How To Become A Minimalist


Generally speaking a minimalist lifestyle is intentionally living with fewer possessions — focusing only on the ones you need. In order to become a minimalist you will need to (1) get rid of excess junk you don’t need or hardly ever use (2) consume and spend less on possessions and unproductive activities (3) find a hobby or learn a skill that can help occupy your time and create meaningful value in your life – whether it be financially or maybe even spiritually through traveling and seeing new places.


Minimalism is living with less possessions, only the ones that you actually need and support you on a day-to-day basis. Try to get rid of excess possessions like clothes that you hardly ever wear, and focus on the things you actually use and consume. You may feel a sense of peace after getting rid of things that just take up space in your closet or cause there to be unnecessary clutter.


Being a minimalist means intentionally getting rid of distracting items that cause you to be unproductive, and focus on the items that provide your life value. As an example, cutting out Netflix and other subscriptions that are time wasters and picking up new hobby like carpentry may create better value in your life.

Once I cancelled subscriptions, I noticed I had more time to pick up books about personal finance. This became a hobby of mine and has helped me tackle debt and beef up my retirement in a short amount of time. I also was able to donate a lot of clothes that I don’t wear. I noticed my room feel bigger and it was easier to get ready for work when I had less competing options to choose from.


Most people practice retail therapy where they buy things to make themselves feel better. These type of people unfortunately believe you can buy happiness, but that just is not the case and it is a negative impact on sustainability efforts.

Rather than contributing to excess consumption, practice being present with your loved ones or really focusing on a productive hobby and keeping your body health. By doing this you will begin to take care of your relationships and the few possessions you do have. You won’t carelessly use your possession with the thought that you can just buy a replacement. Instead you will take care of what you have and learn to fix rather than replace.


The culture in the US is focused on hustling and working long hours all we long. We try to nurture relationships solely through cellphones and thinking we are actually getting to know each other through texting and social media.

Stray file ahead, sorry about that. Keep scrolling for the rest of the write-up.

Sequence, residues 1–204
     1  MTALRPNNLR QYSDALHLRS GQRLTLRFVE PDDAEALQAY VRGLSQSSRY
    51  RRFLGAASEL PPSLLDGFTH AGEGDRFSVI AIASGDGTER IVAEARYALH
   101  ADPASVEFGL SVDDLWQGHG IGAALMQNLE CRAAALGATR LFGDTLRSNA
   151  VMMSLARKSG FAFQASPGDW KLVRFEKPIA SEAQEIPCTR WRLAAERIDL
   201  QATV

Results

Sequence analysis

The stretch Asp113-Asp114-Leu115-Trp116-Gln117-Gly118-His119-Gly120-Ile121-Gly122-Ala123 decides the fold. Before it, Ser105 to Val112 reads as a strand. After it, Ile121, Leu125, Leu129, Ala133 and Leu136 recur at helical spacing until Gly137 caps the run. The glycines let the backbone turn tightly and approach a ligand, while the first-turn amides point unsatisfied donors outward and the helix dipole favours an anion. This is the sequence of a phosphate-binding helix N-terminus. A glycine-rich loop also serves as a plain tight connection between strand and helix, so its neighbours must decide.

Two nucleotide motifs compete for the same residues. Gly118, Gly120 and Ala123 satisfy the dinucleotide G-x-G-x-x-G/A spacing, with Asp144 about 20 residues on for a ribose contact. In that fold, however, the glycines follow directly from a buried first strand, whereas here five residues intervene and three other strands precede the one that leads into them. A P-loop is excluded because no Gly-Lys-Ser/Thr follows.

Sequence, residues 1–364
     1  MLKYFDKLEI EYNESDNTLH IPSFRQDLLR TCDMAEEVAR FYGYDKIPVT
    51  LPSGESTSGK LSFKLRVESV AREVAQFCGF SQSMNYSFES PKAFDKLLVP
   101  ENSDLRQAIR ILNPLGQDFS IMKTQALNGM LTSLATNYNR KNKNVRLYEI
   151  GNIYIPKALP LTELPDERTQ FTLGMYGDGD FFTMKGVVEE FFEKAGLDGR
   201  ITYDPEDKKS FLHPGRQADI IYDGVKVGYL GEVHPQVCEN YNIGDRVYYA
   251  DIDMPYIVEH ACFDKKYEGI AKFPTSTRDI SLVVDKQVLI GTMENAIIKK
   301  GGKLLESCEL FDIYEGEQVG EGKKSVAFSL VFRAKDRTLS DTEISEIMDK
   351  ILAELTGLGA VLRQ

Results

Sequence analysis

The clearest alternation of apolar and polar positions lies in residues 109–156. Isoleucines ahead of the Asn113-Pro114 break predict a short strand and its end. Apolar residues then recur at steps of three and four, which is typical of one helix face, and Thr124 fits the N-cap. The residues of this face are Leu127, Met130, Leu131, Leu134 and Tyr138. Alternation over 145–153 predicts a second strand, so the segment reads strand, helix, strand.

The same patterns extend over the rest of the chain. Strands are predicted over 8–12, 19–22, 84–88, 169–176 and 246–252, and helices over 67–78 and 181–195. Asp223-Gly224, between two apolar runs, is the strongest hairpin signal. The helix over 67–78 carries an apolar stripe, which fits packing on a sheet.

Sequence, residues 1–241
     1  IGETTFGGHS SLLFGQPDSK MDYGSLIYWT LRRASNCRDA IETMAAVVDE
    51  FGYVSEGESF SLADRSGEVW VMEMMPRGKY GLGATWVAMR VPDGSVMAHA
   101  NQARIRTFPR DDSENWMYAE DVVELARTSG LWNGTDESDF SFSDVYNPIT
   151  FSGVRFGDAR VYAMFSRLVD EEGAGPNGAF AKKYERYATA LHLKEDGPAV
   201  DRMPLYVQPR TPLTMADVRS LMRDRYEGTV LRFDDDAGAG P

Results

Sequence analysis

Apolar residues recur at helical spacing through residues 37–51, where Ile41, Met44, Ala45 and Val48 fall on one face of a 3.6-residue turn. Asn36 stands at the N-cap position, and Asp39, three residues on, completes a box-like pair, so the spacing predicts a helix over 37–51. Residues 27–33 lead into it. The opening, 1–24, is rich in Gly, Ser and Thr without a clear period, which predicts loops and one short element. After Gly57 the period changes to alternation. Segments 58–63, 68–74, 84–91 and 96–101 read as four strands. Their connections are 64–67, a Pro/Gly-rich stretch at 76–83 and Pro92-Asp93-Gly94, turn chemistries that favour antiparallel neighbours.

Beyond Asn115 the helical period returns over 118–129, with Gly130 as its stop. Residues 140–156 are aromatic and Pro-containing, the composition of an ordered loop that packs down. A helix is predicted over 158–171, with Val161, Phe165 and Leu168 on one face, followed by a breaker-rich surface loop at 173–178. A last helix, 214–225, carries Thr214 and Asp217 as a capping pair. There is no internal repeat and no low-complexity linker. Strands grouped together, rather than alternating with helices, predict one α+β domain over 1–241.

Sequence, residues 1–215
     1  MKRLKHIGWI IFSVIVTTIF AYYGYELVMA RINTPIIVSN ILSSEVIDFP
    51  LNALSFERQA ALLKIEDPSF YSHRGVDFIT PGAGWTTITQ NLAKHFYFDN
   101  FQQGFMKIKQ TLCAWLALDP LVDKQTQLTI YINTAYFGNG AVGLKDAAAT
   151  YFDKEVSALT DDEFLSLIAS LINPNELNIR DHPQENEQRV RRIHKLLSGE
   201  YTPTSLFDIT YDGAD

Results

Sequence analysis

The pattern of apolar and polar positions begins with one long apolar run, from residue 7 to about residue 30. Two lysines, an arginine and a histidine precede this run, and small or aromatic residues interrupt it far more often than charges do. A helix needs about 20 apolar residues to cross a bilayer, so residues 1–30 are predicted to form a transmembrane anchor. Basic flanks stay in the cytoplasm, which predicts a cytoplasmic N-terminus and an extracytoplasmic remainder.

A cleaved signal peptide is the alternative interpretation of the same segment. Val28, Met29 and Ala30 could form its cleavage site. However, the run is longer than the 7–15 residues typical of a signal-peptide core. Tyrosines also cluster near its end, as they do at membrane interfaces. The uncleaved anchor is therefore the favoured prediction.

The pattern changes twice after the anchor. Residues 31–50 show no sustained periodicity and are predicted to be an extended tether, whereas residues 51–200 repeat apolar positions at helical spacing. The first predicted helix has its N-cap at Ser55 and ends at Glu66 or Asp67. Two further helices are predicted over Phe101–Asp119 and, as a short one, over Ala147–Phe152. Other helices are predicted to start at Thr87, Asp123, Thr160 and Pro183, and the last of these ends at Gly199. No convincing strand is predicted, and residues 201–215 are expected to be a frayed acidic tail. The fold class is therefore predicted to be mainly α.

Practicing minimalism slows down life a little and opens your eyes to the world around you. Think about family trips: rather than going on an all inclusive cruise, maybe go to a national park where you can camp with family, learn new skills like building a fire, all the while taking in amazing views of the terrain and nature. My brother and I hiked Oregon state parks, Yosemite National Park, Upper Peninsula, Rocky Mountain National Park, and Great Smoky National Park in the last year. We noticed that hiking and seeing those amazing natural sights were more valuable to us that working extra hours to make a little more money, to then consume more junk.


Our society believes that being rich and famous is the goal. That you aren’t successful unless you have a big house, multiple cars and all of the latest gadgets. But who really set that as the goal? Well, excellent corporate marketing has programmed our brains to consume and buy all of the latest trends. And they are really good at making it easy to buy things and have them at your door within a day, sometimes within an hour!

Let the majority of people chase after their next possession while they live paycheck to paycheck. You should instead focus on consuming less, building skills, and nurturing great relationships. Coincidentally, you just may come to find that your savings rate goes up and you will be able to reach your financial goals sooner.

If you were able to save and invest $250 per month into an S&P500 index, then in 25 years that could grow to become approximately $330,000! Food for thought. And if you need help getting your personal finances in order, check out my program here.

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